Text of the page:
Although the division of functions exists, cognitive processes are complicated and complex and therefore it is often very difficult to pinpoint just one specific function that is responsible for the correct performance of a task. As a result, a number of functions related to, or collected under, one of the main umbrella terms of the five domains are discussed in the DSM-IV. This sub-specification will also be discussed throughout this review. Specifically under the domain memory, we will address declarative, non-declarative, verbal, visual, working and general memory. Under emotion recognition the emotions happiness, surprise, sadness, fear, disgust, anger and general negative emotions will specifically be addressed. Under executive functions both general and the specific functions of attention, categorization, verbal and visual-spatial executive functioning will be considered. Additionally, in terms of the search for a biomarker, an additional specific domain has proven to be of interest and will be used as a means to categorize experimental findings, namely global cognitive functioning.

4. METHODS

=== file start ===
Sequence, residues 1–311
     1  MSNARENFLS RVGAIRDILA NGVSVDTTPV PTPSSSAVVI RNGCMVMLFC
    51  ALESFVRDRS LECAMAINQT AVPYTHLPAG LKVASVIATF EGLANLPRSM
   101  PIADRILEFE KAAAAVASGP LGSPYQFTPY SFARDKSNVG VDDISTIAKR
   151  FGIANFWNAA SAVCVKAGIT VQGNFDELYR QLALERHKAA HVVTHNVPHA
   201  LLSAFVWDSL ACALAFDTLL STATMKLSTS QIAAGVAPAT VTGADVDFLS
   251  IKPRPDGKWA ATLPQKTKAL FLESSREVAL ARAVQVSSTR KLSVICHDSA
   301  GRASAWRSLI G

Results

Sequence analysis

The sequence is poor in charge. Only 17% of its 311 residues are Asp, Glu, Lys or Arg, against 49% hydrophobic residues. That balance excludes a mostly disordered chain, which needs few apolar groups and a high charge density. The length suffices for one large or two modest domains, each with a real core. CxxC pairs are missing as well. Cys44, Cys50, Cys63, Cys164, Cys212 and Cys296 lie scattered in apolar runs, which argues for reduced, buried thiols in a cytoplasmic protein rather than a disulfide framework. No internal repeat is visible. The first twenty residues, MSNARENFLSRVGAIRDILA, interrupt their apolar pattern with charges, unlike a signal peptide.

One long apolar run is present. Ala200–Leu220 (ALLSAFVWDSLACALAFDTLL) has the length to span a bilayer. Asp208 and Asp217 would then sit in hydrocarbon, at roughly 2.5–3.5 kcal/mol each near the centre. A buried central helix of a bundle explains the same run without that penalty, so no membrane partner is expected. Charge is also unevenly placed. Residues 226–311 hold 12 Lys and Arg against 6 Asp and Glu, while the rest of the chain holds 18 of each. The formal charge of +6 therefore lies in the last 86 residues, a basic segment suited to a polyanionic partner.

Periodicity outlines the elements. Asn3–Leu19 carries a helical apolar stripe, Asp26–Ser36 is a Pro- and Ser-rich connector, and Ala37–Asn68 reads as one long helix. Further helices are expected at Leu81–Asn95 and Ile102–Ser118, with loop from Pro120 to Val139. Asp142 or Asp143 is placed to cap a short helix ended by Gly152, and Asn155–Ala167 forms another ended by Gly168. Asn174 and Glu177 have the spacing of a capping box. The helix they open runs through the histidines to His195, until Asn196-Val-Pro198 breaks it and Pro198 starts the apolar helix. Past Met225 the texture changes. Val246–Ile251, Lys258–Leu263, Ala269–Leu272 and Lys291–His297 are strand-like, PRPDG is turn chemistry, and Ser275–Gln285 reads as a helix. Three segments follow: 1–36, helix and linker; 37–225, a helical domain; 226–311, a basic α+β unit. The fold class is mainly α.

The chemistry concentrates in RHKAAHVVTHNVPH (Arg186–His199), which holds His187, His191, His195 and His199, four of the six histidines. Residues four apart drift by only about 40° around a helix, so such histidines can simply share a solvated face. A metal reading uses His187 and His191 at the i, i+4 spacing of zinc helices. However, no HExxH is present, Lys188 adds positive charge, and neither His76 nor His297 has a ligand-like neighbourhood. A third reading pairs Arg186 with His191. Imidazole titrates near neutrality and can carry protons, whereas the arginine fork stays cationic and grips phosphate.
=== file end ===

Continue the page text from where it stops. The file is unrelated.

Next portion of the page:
All literature relating to cognition in HD between the discovery and application of direct genetic testing in the mid nineteen nineties and January 2011, was included. Literature searches were performed in four databases. The searches were performed with the following terms in Pubmed, ("huntington disease" (Majr) OR huntington (ti) OR huntington's (ti) OR huntingtons (ti) OR huntington* (ti) OR huntingtin* (ti)) AND (cognition OR cognitive OR "Cognition Disorders" (Mesh:noexp) OR psychology OR neuropsych* OR Neuropsychological Tests), Embase, (*Huntington Chorea/ OR huntington$.ti OR *Huntingtin/ OR huntingtin$.ti) AND ( exp Cognition/ OR exp Cognitive Defect/ OR exp Psychology/ OR exp Psychological Aspect/ OR exp Neuropsychology/ OR Neuropsychological Test/ OR exp Learning disorder/ OR (cognition OR cognitive OR psychology OR neuropsych* OR Neuropsychological Test* OR learning).mp), Web of Science, ti= (huntington* OR huntingtin*) AND ts= (cognition OR cognitive OR psychol* OR neuropsych*) and PsycINFO, (exp *huntingtons disease/ OR huntington*.ti OR huntingtin*.ti) AND (exp Cognition/ OR exp cognitions/ or exp cognitive ability/ or exp cognitive assessment/ or exp cognitive impairment/ or exp cognitive processing speed/ OR exp memory/ or exp memory decay/ or exp memory disorders/ or exp memory trace/ or exp memory training/ OR exp Psychology/ OR exp Neuropsychology/ OR exp Neuropsychological Assessment/ OR exp learning/ or exp learning ability/ or exp learning disabilities/ or exp learning disorders/ OR (cognition OR cognitive OR memory OR psychology OR neuropsych* OR Neuropsychological Test* OR learning).mp).